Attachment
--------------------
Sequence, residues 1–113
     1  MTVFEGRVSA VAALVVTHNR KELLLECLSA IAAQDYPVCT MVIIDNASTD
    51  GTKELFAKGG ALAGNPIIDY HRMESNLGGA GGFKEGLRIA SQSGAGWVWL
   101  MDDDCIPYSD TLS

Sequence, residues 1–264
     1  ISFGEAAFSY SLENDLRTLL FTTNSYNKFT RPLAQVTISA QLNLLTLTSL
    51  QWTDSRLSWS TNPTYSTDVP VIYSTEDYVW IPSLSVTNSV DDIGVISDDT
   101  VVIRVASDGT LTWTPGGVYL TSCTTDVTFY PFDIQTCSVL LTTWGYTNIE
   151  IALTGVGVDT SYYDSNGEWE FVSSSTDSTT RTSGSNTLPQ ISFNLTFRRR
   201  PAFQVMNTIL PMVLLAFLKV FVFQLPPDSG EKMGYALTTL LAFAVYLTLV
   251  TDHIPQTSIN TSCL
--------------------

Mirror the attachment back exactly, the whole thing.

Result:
Sequence, residues 1–113
     1  MTVFEGRVSA VAALVVTHNR KELLLECLSA IAAQDYPVCT MVIIDNASTD
    51  GTKELFAKGG ALAGNPIIDY HRMESNLGGA GGFKEGLRIA SQSGAGWVWL
   101  MDDDCIPYSD TLS

Sequence, residues 1–264
     1  ISFGEAAFSY SLENDLRTLL FTTNSYNKFT RPLAQVTISA QLNLLTLTSL
    51  QWTDSRLSWS TNPTYSTDVP VIYSTEDYVW IPSLSVTNSV DDIGVISDDT
   101  VVIRVASDGT LTWTPGGVYL TSCTTDVTFY PFDIQTCSVL LTTWGYTNIE
   151  IALTGVGVDT SYYDSNGEWE FVSSSTDSTT RTSGSNTLPQ ISFNLTFRRR
   201  PAFQVMNTIL PMVLLAFLKV FVFQLPPDSG EKMGYALTTL LAFAVYLTLV
   251  TDHIPQTSIN TSCL